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School Dazed

 

J. D. Pendry

 

               My country,' tis of thee,

               sweet land of liberty, of thee I sing;

               land where my fathers died,

               land of the pilgrims' pride,

from every mountainside let freedom ring!

 America, Samuel F. Smith, 1832

 

After the busses dropped us off, we’d gather in the schoolyard outside the one story, wooden elementary school.  We didn’t go inside early unless forced in by the weather.  When the bell rang, we gathered in front of the building.  There we recited the Pledge of Allegiance to the flag and sang the first verse of the hymn America.  Once inside our classroom and settled, our teachers led us in the Lord’s Prayer.  If during the day, we misbehaved sufficiently to warrant it – which didn’t require much now that I think back on it – we’d earn a paddling.  If from a lady teacher, it’d be a ping pong sized paddle.  If we really messed up, we’d see the principal and get the benefit of the full board of education.  This is not an ACLU or Ted Kennedy nightmare.  This is elementary school Wyoming, West Virginia, circa 1960.

 

Now, if we ask children to pledge their allegiance to our flag and country, especially if it is one nation under God, they’ll haul us in to the Supreme Court to answer for it - the same court that, in 1962, tossed prayer out of the schoolhouse window.  Corporal punishment in schools is illegal in 26 states and the District of Columbia and rarely used in other states where it is legal.  Although the seat of my britches remembers it well, I’m not an advocate of corporal punishment in schools.  I’m only offering you some history.  Disciplining children is a parental function.

 

I don’t know if those things made a difference in our conduct later on.  I do know that after elementary school, we didn’t do them anymore and discipline wasn’t a big issue.  Many schools nowadays have character education programs that deal with behavior and how one should act.  Most approaches to improving student behavior center on conflict resolution.  Across the country, we are treating a symptom of a disease and not addressing the causes of it.  This is what happens when we place the responsibility on teachers in schools for teaching our kids how to act – that’s not their job.  I spent one year in public schools following my time in the Army.  It was a learning experience.  Others who read this column have much more time in the schools than I do and some of them are still there.  What I can tell you from my short experience is that basic education – math, science, history, government, English - often comes in second to monitoring and trying to control student behavior.

 

We send our daughters off to school dressed like prostitutes.  Our sons look like gang-bangers.  Both have heads filled with MTV, Gangsta Rap lyrics, violent video games, Internet chat room wisdom and sitcom solutions to life’s problems.  School is more a social event than a learning one.  Kids show up to school prepared for everything but school.  Their first stop is the vending machines.  There they pump up with noxious levels of caffeine and sugar because at a home they didn’t get enough sleep or any breakfast.  Many parents do the right things, but many don’t.  When we don’t do the right things at home, we expect teachers to solve problems for which they’re ill equipped to and shouldn’t have to face.  If you want an example of what I’m talking about and you want to get spit flying hair on fire angry.  Read this.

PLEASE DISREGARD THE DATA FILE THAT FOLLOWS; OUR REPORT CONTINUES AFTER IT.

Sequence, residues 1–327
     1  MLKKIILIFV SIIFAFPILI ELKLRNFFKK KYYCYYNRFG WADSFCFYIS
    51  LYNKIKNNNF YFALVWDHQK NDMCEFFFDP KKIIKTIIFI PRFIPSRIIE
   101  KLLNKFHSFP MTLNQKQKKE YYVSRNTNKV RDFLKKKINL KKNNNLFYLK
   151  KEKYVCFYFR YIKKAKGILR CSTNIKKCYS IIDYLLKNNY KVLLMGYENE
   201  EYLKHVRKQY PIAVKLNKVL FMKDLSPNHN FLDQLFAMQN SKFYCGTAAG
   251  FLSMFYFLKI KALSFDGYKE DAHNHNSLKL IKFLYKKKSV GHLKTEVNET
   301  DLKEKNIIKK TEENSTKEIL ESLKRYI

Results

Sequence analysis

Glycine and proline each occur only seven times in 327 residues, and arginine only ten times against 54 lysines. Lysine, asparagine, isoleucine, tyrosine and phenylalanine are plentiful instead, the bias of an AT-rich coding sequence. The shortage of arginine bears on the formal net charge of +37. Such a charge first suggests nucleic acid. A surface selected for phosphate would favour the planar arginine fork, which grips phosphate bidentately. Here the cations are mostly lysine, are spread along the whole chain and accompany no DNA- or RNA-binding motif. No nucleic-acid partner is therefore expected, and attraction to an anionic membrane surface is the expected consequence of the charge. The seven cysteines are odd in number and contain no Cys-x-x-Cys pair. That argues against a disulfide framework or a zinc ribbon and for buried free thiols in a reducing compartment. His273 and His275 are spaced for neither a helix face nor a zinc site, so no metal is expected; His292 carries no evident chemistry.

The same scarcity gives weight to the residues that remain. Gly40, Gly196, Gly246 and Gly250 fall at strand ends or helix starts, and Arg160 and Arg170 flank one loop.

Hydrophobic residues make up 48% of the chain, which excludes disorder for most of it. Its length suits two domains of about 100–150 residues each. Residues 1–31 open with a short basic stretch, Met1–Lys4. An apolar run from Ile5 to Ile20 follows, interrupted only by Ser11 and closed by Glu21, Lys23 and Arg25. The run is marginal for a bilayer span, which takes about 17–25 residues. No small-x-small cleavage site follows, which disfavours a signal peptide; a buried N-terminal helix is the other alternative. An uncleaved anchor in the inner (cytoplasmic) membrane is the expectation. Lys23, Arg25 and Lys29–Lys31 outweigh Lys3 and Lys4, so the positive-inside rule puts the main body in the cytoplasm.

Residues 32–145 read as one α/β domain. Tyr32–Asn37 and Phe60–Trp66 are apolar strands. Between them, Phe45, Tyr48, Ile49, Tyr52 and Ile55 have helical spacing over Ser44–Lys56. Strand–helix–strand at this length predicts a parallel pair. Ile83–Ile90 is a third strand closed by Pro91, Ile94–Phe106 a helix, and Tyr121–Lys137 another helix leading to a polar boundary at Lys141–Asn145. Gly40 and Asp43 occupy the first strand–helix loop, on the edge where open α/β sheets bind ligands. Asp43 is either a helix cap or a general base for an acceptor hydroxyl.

So, how do we fix it?  Do we continue throwing money at failed public school systems?  Do we offer families who do the right things the opportunity to get their tax dollars back and spend them on a school system that’s working?  We’ve tried the first approach for years and we’ve argued about the second for years.  I’d say everything is the same since the argument began, but it may actually be worse.

 

One thing is for certain, we don’t pay teachers enough. 

According to the American Federation of Teachers, beginning teachers with a bachelor’s degree earned an average of $30,719 in the 2001–02 school year.  The estimated average salary of all public elementary and secondary school teachers in the 2001–02 school year was $44,367.  Private school teachers generally earn less than public school teachers.  (Source)

The minimum salary for an NBA rookie, who likely didn’t complete college or maybe didn’t even go, is $385,277.00.  He, with his tattoos, earrings, bad attitude and ball cap on backwards, influences your child more so than does his math teacher.

 

We complain about liberal attitudes that pervade the schools, yet those of us with a more conservative – read disciplined – outlook are too busy chasing high income jobs to focus our attention on schools and children.  We’ll find the solution to our public schools problem in the mirror – I include myself in that challenge.

 

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J.D. Pendry is author of The Three Meter Zone, Random House/Ballantine.

 

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